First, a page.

Pioneer Tomos chooses Welsh to work towards new heritage qualification
Tomos James is coming to the end of a pioneering Cultural Heritage Traineeship which he is undertaking mostly in the Welsh language.
The 22-year-old Aberystwyth learner is one of the first cohort of Cultural Ambition trainees to work towards the new qualification which is being delivered by Cardiff and Vale College (CAVC). The Apprenticeship Programme is funded by the Welsh Government with support from the European Social Fund.
The Cultural Ambition programme has been developed by Creative & Cultural Skills jointly with CAVC and is funded by the National Lottery Heritage Fund’s Skills for the Future programme and the Welsh Government.
The programme aims to provide 33 young people, who are not in education, employment and training, with 12-month training placements based in heritage sites across Wales.
The trainees, who come from diverse backgrounds, work towards an NVQ Level 2 in Cultural Heritage as part of this traineeship and are given an e-portfolio of their work to show potential employers. The programme covers a variety of skills which lead to a qualification and increased employability prospects.
Tomos has spent his year working at Ceredigion Museum, The National Library of Wales and the Royal Commission on the Ancient and Historical Monuments of Wales, all based in Aberystwyth. Because his first language is Welsh, CAVC has delivered as much of the qualification as possible in Welsh.
Assessments have been carried out in English and written work in Welsh, which has suited Tomos, who previously studied IT at Coleg Ceredigion. “I feel more comfortable using my first language and I think it’s good that I have been able to do most of the qualification in Welsh,” he said.
He is due to complete the qualification on September 8 and has enjoyed his three placements which have introduced him to new and diverse experiences.
A customer facing role at Ceredigion Museum was followed by time working in conservation, marketing, human resources, estates and customer services at the National Library of Wales and on the Unloved Heritage Project at the Royal Commission on the Ancient and Historical Monuments of Wales.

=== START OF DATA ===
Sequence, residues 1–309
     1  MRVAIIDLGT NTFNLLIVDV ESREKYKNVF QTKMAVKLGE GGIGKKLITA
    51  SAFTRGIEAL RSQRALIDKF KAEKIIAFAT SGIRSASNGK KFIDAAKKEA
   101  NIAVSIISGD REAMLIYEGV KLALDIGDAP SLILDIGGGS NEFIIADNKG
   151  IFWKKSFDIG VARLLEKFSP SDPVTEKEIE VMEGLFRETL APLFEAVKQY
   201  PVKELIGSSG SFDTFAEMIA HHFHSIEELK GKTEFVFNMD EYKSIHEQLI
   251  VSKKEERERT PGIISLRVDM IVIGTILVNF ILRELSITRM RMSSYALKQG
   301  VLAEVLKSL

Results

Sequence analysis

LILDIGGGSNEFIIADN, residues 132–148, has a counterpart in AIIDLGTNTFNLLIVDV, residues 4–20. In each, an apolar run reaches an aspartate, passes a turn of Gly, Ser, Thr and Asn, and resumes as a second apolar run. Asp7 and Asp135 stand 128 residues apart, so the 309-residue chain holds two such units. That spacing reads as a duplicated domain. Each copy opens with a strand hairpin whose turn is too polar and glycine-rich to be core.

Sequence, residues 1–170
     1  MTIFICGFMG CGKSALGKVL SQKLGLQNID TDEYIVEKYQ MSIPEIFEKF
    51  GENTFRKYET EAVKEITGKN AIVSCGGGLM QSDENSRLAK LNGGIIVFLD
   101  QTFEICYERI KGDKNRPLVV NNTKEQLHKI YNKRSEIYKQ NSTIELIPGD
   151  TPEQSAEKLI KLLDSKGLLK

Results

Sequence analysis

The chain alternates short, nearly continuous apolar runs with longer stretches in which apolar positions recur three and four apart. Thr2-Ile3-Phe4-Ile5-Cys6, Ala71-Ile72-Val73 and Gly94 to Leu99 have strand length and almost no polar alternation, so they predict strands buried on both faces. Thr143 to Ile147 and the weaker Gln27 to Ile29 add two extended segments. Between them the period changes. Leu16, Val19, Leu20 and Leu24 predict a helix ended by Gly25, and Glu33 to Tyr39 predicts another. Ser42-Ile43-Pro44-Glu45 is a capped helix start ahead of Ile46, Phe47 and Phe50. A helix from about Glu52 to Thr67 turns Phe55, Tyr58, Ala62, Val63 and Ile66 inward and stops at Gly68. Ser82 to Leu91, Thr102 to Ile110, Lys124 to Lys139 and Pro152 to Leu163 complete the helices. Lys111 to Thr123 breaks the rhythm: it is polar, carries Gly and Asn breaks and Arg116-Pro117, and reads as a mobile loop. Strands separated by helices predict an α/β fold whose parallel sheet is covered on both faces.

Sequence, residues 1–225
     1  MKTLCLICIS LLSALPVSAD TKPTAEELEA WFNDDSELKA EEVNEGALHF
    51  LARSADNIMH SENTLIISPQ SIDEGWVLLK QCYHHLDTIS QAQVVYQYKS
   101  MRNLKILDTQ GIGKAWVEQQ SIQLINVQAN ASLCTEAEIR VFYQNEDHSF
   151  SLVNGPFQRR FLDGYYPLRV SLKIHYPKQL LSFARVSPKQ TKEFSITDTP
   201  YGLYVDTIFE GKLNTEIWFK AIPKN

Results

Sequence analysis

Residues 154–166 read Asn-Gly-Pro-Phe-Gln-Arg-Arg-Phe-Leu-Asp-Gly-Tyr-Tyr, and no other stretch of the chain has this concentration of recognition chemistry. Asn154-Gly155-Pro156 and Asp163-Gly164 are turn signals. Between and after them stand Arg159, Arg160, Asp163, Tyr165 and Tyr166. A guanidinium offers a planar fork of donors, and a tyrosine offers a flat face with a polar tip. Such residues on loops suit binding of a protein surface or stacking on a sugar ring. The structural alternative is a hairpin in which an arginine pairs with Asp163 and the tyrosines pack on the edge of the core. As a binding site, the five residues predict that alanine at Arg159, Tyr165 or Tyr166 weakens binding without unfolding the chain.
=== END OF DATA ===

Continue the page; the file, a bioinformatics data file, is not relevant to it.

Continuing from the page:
The Unloved Heritage Project is a Wales-wide youth programme led by CADW that uses archaeology and creative activities to empower young people to protect their local heritage.
“It has been interesting getting new experiences and I have enjoyed working in the different places,” added Tomos, who revealed that his ideal job would be in the marketing team at the National Library of Wales.
Helen Kingman, a CAVC lecturer and assessor, explained: “We have a policy at CAVC which seeks to ensure that if a learner wants to work through the medium of Welsh, we will do everything we can to make that possible.
“I think it’s important to recognise and celebrate that learners have the extra skill of being bilingual. The mentors who have been working with Tomos are Welsh speaking and he has done very well. He’s very interested, motivated, enthusiastic and a joy to work with.”
Anna Evans, Unloved Heritage Project co-ordinator at the Royal Commission for Ancient Monuments Wales, has been mentoring Tomos on his final placement which has seen him help to put on an exhibition in the Senedd in Cardiff as well as carrying out risk assessments in Welsh.
“Tomos writes really well in Welsh,” she said. “I think it’s crucial that learners have the opportunity to do qualifications bilingually, even multi-lingually, so that when they go abroad, they have the skills to function in all languages.”
The role of Ryan Evans, the National Training Federation for Wales’ bilingual champion, is to support the apprenticeship training providers to work towards Welsh Government’s vision for one million Welsh speakers by 2050.
“NTfW is working closely with the Welsh Government, Coleg Cymraeg Cenedlaethol, Qualifications Wales and a number of other stakeholders to improve the provision and availability of Welsh-medium and bilingual qualifications in order to achieve the vision for a bilingual Wales.”
Welsh Language Commissioner Aled Roberts said: “This story shows the importance and necessity of offering Welsh-language apprenticeships. As we strive to reach the Government’s goal of one million speakers by 2050, creating opportunities to develop language skills in the workplace is invaluable.
“Although the figures show that the number of people undertaking apprenticeships through the medium of Welsh is relatively low, it is good to see positive developments and the provision of more opportunities to study through the medium of Welsh.
“During my time as commissioner, we as an office will strive to increase the opportunities to use the Welsh language in the workplace. We will work with businesses, charities and organisations to ensure that Welsh-speakers leaving the education system and those learning Welsh at school will be able to use their skills and to ensure that organisations value the language.”